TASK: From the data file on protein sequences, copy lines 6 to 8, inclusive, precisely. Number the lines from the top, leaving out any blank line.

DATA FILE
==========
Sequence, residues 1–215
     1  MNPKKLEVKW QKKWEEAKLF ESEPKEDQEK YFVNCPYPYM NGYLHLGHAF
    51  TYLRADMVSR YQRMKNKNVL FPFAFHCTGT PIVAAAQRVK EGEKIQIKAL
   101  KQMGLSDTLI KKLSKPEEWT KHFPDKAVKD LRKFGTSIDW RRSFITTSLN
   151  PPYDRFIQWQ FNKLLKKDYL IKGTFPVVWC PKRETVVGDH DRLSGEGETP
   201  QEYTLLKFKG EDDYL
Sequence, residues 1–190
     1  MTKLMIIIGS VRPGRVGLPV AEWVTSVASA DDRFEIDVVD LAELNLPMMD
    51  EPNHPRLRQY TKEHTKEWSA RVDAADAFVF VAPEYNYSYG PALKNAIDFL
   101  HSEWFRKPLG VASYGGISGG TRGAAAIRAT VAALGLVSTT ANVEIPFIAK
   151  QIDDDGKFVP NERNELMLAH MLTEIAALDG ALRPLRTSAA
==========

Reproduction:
   201  QEYTLLKFKG EDDYL
Sequence, residues 1–190
     1  MTKLMIIIGS VRPGRVGLPV AEWVTSVASA DDRFEIDVVD LAELNLPMMD